Mechanical Advantage

By Chris Hufstader
Sorn Ken carries her weeder to her field. Photo: Patrick Brown/Oxfam America

Share this story:

When Sorn Ken weeds her rice fields, she likes to have company. Her sister So Van helps her in her field, and Sorn will help So in hers. “We chitchat, and when we get tired we take a rest and keep chitchatting,” she says at the edge of her sister’s field. “It’s kind of fun to weed the field with others.”

Sorn says she spends less time weeding her fields than she used to since she started using a mechanical weeding device she helped create with assistance from Oxfam’s partner in Cambodia, RACHANA, an organization based in the southern Takeo province. When farmers use this new tool, they can accomplish in a few hours what used to take them many days.

Oxfam supported RACHANA in designing and testing the mechanical weeders that help farmers grow more rice. Switching to innovative rice-growing systems and using a mechanical weeder can create more than 100 percent gains in production—a huge improvement for small-scale rice growers like Sorn and her sister.

Supporting innovation

Sorn is among 100 families in the area growing rice using an array of special methods called the System of Rice Intensification, or SRI. SRI represents an accessible form of innovation for small-scale farmers like Sorn: it boosts yields through different ways of plowing fields and improving soil fertility, and of planting and transplanting rice. SRI helps the plants grow stronger and more resistant to pests and diseases. It doesn't require special seed varieties. And because the plants are healthier, the farmers need less fertilizer and pesticides, which saves them money and preserves the environment.

One of SRI’s techniques involves transplanting single seedlings farther apart, instead of transplanting them in bunches. The distance helps seedlings grow stronger roots. SRI farmers plant their seedlings in rows, so they can weed around the plants more easily. A mechanical weeder helps them speed up the process.

In Sorn’s village of Prey Pa’e, RACHANA found a metalworker named Ben Pen who was willing to work with the local farmers to develop the weeders. With RACHANA’s help, in 2009 he began to adapt designs from India and other countries; he optimized them based on feedback from women farmers. Sorn and about 20 others tested five prototypes. With Pen, they developed one- and two-wheel weeders, which farmers use for different soil and weed conditions. The weeders weigh between 4 and 12 pounds. Each of them has a long handle with which the farmers push narrow wheels with steel spikes, churning the earth and tearing up the weeds.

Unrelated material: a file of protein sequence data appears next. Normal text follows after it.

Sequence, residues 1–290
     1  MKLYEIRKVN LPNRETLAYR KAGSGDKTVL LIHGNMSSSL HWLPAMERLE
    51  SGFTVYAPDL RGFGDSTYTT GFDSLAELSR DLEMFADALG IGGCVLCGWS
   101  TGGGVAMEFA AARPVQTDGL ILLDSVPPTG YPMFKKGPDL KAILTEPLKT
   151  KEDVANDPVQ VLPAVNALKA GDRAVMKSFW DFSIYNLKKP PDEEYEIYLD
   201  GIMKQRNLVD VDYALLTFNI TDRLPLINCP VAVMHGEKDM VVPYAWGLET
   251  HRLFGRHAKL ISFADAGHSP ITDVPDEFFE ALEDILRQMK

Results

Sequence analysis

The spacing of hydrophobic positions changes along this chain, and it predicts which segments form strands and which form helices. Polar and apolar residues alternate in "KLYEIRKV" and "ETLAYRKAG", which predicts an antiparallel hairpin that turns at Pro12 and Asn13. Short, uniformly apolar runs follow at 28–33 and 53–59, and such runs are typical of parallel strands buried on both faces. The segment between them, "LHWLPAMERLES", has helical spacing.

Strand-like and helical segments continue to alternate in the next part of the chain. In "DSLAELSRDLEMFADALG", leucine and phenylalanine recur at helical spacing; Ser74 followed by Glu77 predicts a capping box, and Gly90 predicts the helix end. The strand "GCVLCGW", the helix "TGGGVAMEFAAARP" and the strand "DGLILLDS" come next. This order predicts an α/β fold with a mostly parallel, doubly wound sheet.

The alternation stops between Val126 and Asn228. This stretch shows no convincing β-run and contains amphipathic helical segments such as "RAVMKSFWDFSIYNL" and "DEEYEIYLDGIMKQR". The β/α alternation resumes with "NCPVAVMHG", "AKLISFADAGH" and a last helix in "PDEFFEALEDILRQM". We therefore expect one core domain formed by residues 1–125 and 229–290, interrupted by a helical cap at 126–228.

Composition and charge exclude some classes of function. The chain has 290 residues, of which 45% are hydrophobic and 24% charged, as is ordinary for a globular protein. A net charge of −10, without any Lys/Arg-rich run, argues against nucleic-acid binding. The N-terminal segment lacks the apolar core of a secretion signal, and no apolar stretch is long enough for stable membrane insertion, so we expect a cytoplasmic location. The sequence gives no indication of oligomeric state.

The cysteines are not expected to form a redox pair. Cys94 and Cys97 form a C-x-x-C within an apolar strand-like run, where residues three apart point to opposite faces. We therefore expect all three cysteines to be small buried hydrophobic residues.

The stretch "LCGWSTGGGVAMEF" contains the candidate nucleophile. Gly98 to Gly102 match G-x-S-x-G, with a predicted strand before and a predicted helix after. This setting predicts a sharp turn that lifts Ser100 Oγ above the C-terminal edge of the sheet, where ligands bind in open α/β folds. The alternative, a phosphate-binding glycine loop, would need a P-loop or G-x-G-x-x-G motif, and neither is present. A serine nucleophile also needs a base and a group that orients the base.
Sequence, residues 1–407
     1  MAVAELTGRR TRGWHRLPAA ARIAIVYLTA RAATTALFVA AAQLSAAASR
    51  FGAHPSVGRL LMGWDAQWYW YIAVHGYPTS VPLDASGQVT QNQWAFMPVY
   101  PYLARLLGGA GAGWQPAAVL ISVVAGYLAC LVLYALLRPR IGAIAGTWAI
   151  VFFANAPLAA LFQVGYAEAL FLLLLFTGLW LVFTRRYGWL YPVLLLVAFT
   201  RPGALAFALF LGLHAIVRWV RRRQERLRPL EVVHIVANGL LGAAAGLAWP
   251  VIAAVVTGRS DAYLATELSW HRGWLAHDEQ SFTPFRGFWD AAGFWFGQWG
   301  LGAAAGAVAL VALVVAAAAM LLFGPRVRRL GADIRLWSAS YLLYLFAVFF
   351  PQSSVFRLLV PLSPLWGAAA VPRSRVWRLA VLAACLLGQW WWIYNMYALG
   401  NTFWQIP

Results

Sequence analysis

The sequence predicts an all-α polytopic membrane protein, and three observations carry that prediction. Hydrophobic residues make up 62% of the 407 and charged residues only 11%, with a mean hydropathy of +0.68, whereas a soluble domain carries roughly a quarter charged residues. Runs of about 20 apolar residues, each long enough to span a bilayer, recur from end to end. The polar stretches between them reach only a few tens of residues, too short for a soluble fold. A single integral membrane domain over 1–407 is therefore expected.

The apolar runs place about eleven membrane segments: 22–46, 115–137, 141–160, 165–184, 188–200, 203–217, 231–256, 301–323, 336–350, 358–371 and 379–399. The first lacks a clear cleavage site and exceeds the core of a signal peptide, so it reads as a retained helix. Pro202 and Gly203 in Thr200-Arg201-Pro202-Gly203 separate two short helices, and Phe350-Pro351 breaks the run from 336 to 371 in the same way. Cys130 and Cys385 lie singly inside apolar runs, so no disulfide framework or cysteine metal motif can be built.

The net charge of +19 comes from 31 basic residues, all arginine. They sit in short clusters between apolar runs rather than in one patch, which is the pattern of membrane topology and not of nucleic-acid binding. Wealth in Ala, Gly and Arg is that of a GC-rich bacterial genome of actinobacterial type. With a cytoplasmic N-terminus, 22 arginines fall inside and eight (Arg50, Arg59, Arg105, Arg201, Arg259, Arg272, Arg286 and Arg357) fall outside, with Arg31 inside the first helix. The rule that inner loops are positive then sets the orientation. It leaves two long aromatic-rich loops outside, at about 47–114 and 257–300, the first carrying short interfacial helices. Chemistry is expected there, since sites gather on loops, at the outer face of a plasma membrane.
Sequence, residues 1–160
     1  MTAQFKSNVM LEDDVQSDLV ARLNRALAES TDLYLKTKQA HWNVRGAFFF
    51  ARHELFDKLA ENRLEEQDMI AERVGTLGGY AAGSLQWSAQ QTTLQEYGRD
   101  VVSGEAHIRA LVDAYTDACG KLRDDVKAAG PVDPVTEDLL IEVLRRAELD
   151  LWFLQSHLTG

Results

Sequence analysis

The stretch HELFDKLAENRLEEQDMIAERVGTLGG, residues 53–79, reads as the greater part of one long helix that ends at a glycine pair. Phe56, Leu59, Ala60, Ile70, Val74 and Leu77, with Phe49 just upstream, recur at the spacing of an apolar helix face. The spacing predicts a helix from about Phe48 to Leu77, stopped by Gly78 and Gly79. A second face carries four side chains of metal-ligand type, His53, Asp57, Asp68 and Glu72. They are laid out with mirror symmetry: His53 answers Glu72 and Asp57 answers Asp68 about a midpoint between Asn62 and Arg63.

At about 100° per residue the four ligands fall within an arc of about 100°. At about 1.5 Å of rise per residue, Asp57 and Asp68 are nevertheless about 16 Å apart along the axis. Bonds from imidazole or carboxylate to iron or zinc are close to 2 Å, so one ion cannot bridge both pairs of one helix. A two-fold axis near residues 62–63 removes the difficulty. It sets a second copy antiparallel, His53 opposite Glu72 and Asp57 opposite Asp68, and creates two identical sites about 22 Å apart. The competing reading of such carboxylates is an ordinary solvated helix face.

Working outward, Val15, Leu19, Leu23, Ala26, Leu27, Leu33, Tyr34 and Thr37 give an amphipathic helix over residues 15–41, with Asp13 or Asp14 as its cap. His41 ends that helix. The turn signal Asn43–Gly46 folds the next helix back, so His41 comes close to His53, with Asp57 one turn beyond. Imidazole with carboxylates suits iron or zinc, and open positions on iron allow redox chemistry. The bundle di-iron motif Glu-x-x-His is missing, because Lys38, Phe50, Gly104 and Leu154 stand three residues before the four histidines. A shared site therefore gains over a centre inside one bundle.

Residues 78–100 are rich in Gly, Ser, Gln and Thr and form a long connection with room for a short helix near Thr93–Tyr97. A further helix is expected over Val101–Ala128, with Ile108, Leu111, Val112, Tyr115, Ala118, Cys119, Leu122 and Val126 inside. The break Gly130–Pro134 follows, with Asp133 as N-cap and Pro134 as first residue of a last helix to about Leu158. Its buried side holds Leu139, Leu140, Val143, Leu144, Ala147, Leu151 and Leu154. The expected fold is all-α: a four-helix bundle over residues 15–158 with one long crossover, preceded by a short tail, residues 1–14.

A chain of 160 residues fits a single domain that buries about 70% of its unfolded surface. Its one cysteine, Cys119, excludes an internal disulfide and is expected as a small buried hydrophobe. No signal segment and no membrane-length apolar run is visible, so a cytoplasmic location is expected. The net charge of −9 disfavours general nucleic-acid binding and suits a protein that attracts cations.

Most of the farmers responsible for testing the weeders were women. Though men help prepare the soil and assist with the harvest, women do most of the work in the fields. Pen and RACHANA wanted to make sure that the weeder designs are suitable for them. “These weeders are helping women avoid back pain, and neck pain,” Pen says. “They can stand up, and it’s a lot faster.”

‘Quite a difference’

Sorn moves down the rows between the rice plants pushing the weeder in front of her like a lawn mower. The tool splashes through a thin layer of water, cutting up clumps of grass and mud.

“There’s quite a difference when you use the weeding tools,” Sorn says. “If you weed by hand you only get the top of the weed, you don’t get the root, and it grows again. When you use the weeding tool, it destroys the root and churns the weed into the soil—it’s better for the soil.”

Sorn farms a little less than two acres. Having the weeder helps Sorn and her sister get their weeding done faster. She says saving this time and labor is particularly important for her now: her husband passed away and her six children are all grown and have left the village to work and study. She’s 55, alone, and needs the help.

RACHANA’s research showed that by combining weeders with SRI, farmers could increase their production to average 5.6 tons per hectare, up from an average of 2.2 tons using traditional techniques. (A hectare is about 2.45 acres.) The organization ordered 900 of the three most popular weeders from Pen; it is selling them to farmers across the country. The tools cost about $20—a significant investment, prompting groups of two or three neighbors to buy the tools together and share them.

The investment is worth the time saved: the women in Prey Pa’e say it takes three people two weeks to weed a hectare, and by the time they finish, the weeds are already growing again. “With the weeder, three people can finish in one morning,” says Pen Rat, who was part of the prototype testing team.

Sorn says she helped test the one-wheel weeder, and suggested that Pen lower the angle of the handle, so women would be pushing at waist level. “I thought women would have more strength to push and pull,” she says.

Simple forms of innovation, like these mechanical weeders, encourage farmers to come together, share their ideas, and play a role in developing technological improvements for their farming. This type of endeavor is just a small part of Oxfam’s work to transform agriculture for the poorest farmers in Cambodia.

Farmers like Sorn Ken confirm this: “Having this weeder is like having another person,” she says.